Fairfax Co. drug overdose deaths track national trend

While new preliminary health data show about 100,000 Americans died of drug overdoses while COVID-19 ravaged the nation, D.C.-area health departments are among those that have been contending with the surge of drug deaths.

The numbers are still being tallied between May 2020 and April 2021, but they are expected to reach the never-before-seen milestone of 100,000 for drug overdose deaths.

“We are seeing the same trends that the nation is seeing,” said Dr. René Najera, mental health and substance use program manager with Fairfax County Health Department in Virginia.



Najera said that this year for the first two quarters, the county was outpacing last year, and the forecast is, “We are going to have more overdose deaths this year than we did last year, with more than 90% being associated with fentanyl,” he said.

Fairfax County Health Department data show that there were 94 drug overdoses deaths in 2020, 87 of which involved fentanyl.

According to the Centers for Disease Control and Prevention’s early data, drug overdose deaths for the time period of May 2020 and April 2021 increased 22.5% in Virginia to 2,034 deaths; 20.6% in Maryland to 2,863, and 10.7% in DC to 498.

“It is very unfortunate and it was something almost inevitable when you mix in what the pandemic brought to us — the economic strife, the uncertainty, the fear. When that happens, people self-medicate; people look for a way for life to not hurt when life hurts, and here we are,” Najera said.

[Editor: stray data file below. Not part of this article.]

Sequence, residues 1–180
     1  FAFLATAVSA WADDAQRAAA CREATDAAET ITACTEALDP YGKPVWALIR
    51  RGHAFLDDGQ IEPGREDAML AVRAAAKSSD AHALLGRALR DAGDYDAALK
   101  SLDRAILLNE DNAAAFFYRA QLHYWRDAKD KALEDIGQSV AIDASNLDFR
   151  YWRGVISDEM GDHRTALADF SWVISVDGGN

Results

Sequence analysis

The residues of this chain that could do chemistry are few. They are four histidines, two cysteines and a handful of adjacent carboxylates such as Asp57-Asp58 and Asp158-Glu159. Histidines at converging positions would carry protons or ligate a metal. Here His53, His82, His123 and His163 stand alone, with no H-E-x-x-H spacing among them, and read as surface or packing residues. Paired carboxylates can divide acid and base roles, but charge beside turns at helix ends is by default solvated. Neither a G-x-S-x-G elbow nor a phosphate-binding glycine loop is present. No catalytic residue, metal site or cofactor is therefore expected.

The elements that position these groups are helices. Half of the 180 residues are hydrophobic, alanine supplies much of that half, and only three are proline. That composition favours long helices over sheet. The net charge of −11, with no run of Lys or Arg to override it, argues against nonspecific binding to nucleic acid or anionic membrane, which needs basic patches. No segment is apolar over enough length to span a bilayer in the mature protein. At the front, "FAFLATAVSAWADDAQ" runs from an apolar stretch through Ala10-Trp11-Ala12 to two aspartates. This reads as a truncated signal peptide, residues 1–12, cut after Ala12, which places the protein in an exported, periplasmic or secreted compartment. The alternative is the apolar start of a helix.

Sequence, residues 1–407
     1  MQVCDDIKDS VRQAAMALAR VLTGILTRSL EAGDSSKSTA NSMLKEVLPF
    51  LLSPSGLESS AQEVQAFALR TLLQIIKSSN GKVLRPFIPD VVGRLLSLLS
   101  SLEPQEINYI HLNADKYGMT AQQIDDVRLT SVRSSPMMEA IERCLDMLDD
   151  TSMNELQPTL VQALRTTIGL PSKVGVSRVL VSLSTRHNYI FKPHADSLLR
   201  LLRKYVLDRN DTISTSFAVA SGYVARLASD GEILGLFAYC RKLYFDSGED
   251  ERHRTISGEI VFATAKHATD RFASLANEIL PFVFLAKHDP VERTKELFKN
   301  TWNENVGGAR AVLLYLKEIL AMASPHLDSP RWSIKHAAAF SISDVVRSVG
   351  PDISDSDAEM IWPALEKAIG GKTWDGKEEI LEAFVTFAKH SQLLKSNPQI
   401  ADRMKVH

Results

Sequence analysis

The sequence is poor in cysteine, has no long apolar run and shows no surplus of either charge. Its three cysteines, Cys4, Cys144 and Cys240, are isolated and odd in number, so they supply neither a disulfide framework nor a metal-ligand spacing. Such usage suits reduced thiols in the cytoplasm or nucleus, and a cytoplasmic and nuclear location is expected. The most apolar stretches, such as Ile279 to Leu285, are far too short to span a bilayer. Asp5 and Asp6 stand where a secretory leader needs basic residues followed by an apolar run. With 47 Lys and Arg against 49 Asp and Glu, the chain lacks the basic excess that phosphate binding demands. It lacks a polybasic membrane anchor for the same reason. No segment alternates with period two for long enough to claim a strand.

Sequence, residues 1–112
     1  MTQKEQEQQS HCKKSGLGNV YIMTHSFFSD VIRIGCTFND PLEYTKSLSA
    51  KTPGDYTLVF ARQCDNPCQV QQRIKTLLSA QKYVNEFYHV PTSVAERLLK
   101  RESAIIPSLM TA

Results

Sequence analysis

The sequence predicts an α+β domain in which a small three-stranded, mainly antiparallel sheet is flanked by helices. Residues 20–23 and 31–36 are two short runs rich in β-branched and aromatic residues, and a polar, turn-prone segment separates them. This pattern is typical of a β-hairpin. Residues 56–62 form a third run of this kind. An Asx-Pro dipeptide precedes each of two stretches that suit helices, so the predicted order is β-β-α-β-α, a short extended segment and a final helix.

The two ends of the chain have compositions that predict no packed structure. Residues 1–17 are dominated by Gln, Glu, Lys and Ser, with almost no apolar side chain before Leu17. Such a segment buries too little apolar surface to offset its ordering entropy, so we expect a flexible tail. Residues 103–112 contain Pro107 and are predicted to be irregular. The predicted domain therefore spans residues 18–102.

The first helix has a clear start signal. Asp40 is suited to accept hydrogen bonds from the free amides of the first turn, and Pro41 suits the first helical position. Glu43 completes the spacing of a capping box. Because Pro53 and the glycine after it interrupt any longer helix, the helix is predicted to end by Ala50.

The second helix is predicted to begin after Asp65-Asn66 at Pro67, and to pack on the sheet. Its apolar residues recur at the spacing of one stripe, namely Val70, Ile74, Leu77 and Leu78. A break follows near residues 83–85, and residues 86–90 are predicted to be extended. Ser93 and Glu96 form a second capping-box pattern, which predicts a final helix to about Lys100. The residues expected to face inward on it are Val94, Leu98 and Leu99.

Further adding to the pressure on drug overdose deaths is the reallocation of public health resources toward battling COVID-19.

“Many of us who were working on the opioid epidemic before the pandemic, we got reassigned to respond to the pandemic; and now we’re slowly getting back to the swing of things with the opioid epidemic. So the pandemic threw a wrench into public health in general and this (drug) epidemic in particular,” Najera said.

There’s hope that drug overdose deaths will decrease as the COVID-19 pandemic wanes.

“Once the economy picks back up, once people have steady jobs, once they’re no longer seeing … the deaths, the hospitalizations, etc., once life doesn’t hurt as much, then they will not be as likely to seek out self-medication with these substances,” Najera said.

Dick Uliano

Whether anchoring the news inside the Glass-Enclosed Nerve Center or reporting from the scene in Maryland, Virginia or the District, Dick Uliano is always looking for the stories that really impact people's lives.

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